One Father's Extraordinary Journal of Living Longer with ALS
Ongoing Discovery in Recovering from ALS

When attempting to recover from a purportedly incurable and terminal illness, you can often find yourself navigating a very unpredictable path. It is a constant process of discovery. Often times, things don’t make sense, and sometimes you discover that you have taken a wrong turn, and have to double back and try again.

In my work with Dr. Akin and the use of hair analysis, I am able to track the mineral levels in my body. With a nutrient rich diet, comprised mostly of raw organic fruit and vegetables, I would expect to be seeing fairly strong results in my reports. Yet for almost 2 years now, my numbers have been low for minerals that are abundant in the foods that I eat. My copper levels, for example, have been consistently low despite my consumption of an ample number of carrots on a regular basis. Inconsistencies such as this have been puzzling. Rather than consuming supplements to duplicate the intake of nutrients that my diet already supplies, Dr. Akin agreed that it made sense to investigate why my body is not absorbing what I am taking in.

To accomplish this, we ran a series of GI panels to explore what was going on with my digestion. Among the things we discovered was the existence of several pathogens that should have been eliminated by a detoxing agent (MMS) I had been using for over a year. Upon re-examination, I discovered a wrong turn in my path. I had been using the MMS at too low of a dosage. The bad news is that I wasted some time. The good news is that the possibility now exists for more impact from the MMS.

While Dr. Akin and I have been discovering the issues with my digestive system, my healer, Jose, discovered a huge quantity of dimethyl mercury laced throughout my body. He is very hopeful that we may see significant changes in my condition once the dimethyl mercury is gone. I am very hopeful that the MMS (in proper dosage) will help accelerate its departure.

It constantly amazes me how possibilities for healing keep showing up in my life, as long as I keep my intention focused on recovery. There always seems to be another step to take, another path to explore. Recovering from ALS, as always, continues to be an exciting adventure.

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Life and the media are filled with examples of people who have beaten the odds and overcome seemingly insurmountable obstacles through the sheer force of will. One of the more dramatic images that come to my mind is actually a fictional and quite humorous one with which I often identify. I am referring to a scene from the 1975 comedy “Monty Python and the Holy Grail”, which many of you are probably too young to remember. In this scene, the Black Knight is defeated by King Arthur while trying to prevent Arthur from crossing the bridge that the knight has sworn to guard. Each time Arthur relieves the knight of one of his appendages, the knight dismisses Arthur’s success with some belittling comment. At one point during the fight, with blood gushing in comic exaggeration from his armless shoulder, like water from a fire hydrant, the knight shouts, “Ah, it’s only a flesh wound!” Finally, reduced to an armless and legless torso, the defiant knight screams after the departing Arthur, “Come back here, you lily-livered coward! I’ll bite your knee caps off!” Despite the goriness of the scene, it is hard not to chuckle at the absurdity. Yet I always find myself admiring the knight’s tenacity in handling adversity. Each time I have lost a little bit more of my mobility, I have found myself reflecting on the knight and finding inspiration in his refusal to quit.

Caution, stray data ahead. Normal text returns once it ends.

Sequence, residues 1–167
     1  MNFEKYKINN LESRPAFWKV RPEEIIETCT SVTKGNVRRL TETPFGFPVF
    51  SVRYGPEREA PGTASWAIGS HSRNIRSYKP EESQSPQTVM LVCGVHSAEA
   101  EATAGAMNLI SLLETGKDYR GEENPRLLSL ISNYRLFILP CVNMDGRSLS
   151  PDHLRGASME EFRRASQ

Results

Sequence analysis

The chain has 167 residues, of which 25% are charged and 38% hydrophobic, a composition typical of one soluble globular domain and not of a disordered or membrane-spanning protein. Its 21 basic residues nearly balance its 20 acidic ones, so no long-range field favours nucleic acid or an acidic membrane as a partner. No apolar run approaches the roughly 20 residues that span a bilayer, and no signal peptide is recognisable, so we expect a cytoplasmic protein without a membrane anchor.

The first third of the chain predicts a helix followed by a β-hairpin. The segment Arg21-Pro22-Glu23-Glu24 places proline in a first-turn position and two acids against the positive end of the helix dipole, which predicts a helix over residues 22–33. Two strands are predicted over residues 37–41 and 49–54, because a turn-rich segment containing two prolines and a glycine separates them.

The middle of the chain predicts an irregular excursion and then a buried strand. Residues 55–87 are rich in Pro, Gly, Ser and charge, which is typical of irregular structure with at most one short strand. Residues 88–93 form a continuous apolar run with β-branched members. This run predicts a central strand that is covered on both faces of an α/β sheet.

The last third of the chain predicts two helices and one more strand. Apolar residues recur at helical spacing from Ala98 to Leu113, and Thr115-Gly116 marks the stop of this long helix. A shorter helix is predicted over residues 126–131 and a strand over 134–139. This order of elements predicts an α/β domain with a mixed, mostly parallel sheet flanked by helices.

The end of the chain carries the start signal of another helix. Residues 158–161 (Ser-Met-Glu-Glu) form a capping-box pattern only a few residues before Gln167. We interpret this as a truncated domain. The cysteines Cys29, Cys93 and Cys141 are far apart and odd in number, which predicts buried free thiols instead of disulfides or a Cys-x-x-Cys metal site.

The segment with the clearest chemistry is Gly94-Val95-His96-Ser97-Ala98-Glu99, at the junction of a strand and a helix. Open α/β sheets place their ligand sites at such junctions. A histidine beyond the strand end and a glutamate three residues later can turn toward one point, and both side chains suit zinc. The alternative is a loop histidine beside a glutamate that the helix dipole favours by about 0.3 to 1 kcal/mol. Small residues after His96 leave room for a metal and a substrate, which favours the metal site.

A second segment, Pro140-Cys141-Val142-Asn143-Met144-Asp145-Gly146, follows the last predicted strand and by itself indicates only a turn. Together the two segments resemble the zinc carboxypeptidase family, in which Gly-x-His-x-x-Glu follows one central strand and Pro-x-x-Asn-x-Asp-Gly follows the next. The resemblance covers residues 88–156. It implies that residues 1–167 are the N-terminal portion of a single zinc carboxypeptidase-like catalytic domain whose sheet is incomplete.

Last September, a more aggressive acupuncture treatment resulted in the loss of most of my remaining arm and hand strength. Operating my wheelchair and my computer mouse, the two remaining activities in my life that provide any physical independence, had become nearly impossible. For a short while, I felt crushed and defeated. I had arrived at another major choice point. Giving in to the depressing emotions would surely have led to more physical and emotional degeneration. That choice was unacceptable. Instead I chose to remain focused in the moment and not project my set back into a continuing pattern. I kept telling myself the weakness is now but, not necessarily tomorrow.

But I needed inspiration to regain my internal strength. Among the sources from which it emerged, there are two that stand out in my memory. One was the Black Knight. While it is difficult to bite the kneecaps off of a disease, remembering his tenacity helped to pull me through. The other source was SerenAide. For six years now, the people who participate in this wonderful evening of music have been an amazing source of emotional, physical and financial support to me and my family, and in the fight to defeat Lou Gehrig’s disease. I couldn’t bear the thought of letting them down. So I chose to fight my way back.

As a result, I have regained about 90% of the strength that I had lost. Last month I observed my 10th anniversary of living with ALS, an achievement marked by fewer than 5% of those diagnosed with this disease. It is difficult to find the words to adequately express my degree of gratitude to the people of SerenAide and to the Black Knight for the choices they help me to make.

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